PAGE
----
A Botched Attack in Brussels fuels Anxiety in Europe
Two failed terrorist attacks in Paris and Brussels this week have put Europeans and travelers on alert, as the summer season begins.
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London, Paris, and now Brussels... again. In the weeks before summer begins, Europe has been facing a wave of "small" terrorist attacks that have put the population and travelers on alert.
On Tuesday night, Belgian soldiers shot dead a suspected terrorist after he attempted an explosion at the central train station in the capital.
A "small explosion" took place shortly before 8:30 pm at Brussels Central and soldiers on regular duty at the station "neutralized" the suspect, the spokesman for the federal prosecutor's office, Eric van der Sypt, said, adding that no one else was hurt, as reported in EFE.
Authorities ordered an evacuation of the station and nearby Grand Place, the capital's main square. Citing police sources, RTBF public television reported that authorities were actively searching for two other suspects.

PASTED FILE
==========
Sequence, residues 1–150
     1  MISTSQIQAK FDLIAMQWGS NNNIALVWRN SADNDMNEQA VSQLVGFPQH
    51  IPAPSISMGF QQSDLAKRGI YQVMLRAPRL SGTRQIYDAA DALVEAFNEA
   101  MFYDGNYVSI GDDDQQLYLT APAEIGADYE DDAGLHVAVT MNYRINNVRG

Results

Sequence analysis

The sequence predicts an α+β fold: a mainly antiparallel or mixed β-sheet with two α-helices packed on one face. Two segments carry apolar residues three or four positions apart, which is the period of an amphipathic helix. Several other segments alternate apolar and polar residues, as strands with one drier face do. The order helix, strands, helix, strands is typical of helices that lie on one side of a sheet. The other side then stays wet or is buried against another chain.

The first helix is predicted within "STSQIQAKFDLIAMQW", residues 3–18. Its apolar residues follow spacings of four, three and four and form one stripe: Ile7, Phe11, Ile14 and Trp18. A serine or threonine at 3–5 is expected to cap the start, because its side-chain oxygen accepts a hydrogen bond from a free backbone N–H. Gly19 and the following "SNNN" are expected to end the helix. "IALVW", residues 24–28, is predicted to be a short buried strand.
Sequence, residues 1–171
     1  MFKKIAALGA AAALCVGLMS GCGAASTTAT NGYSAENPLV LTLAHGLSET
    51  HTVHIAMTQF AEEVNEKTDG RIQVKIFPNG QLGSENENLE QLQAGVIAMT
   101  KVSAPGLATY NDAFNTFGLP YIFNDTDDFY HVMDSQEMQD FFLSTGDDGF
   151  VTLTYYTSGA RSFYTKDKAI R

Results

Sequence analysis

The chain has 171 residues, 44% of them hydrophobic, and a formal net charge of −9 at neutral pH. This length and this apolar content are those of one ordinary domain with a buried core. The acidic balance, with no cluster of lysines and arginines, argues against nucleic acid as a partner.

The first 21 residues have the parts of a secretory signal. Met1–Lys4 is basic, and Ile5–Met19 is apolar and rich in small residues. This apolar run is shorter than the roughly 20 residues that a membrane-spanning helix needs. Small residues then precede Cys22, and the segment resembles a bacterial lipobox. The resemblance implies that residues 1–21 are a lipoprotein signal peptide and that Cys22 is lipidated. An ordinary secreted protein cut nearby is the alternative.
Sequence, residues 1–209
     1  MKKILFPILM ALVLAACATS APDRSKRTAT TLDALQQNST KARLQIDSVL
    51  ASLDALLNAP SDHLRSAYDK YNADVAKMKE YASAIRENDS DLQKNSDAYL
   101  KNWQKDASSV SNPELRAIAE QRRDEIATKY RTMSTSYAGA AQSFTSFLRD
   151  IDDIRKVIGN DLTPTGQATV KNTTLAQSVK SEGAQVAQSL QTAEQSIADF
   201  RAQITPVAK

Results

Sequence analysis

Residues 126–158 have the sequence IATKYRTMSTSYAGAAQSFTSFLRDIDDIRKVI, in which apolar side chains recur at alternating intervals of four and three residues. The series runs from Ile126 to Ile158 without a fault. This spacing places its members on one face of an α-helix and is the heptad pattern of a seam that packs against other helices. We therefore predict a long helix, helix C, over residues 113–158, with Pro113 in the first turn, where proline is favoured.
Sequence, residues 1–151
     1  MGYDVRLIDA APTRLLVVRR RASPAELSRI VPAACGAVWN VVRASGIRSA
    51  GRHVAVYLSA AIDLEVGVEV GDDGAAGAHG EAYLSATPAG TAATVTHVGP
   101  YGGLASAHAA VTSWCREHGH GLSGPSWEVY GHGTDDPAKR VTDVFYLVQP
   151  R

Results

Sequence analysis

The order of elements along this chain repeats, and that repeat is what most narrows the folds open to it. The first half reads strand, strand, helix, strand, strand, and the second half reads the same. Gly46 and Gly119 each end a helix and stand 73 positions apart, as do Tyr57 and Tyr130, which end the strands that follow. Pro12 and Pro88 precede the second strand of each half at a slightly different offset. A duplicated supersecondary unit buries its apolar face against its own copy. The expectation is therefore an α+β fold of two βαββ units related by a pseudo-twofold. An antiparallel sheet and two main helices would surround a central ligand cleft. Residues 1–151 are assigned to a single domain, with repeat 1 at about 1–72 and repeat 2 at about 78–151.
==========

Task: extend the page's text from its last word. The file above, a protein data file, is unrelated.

The suspect shouted "Allahu Akhbar" (Arabic for "God is great") prior to the blast, another eyewitness told the VRTNiuews network.
Brussels - considered the capital of the EU - has been on high alert for more than 18 months, since Belgian-based ISIS terrorists carried out attacks in Paris that killed 130 people in November 2015, then bombed Brussels airport and the city’s metro in March last year, killing 32 people, as reported in The Guardian.
The explosion in the Brussels station came one day after another failed attack in Paris. On Monday, an armed man was killed in Paris after he rammed a car loaded with weapons and explosives into a police convoy on the Champs-Élysées. No pedestrians were injured.
And on Saturday, a Welsh man attacked a London mosque with a van, killing one person, injuring 8. The anti-Muslim attacker, identified as Darren Osborne, was described to the NY Times as a troubled man, belligerent and aggressive man.
Given the anxiety that terrorist attacks may cause in travellers and tourists heading to Europe this year, the NY Times has published a set of advises to "stay calm".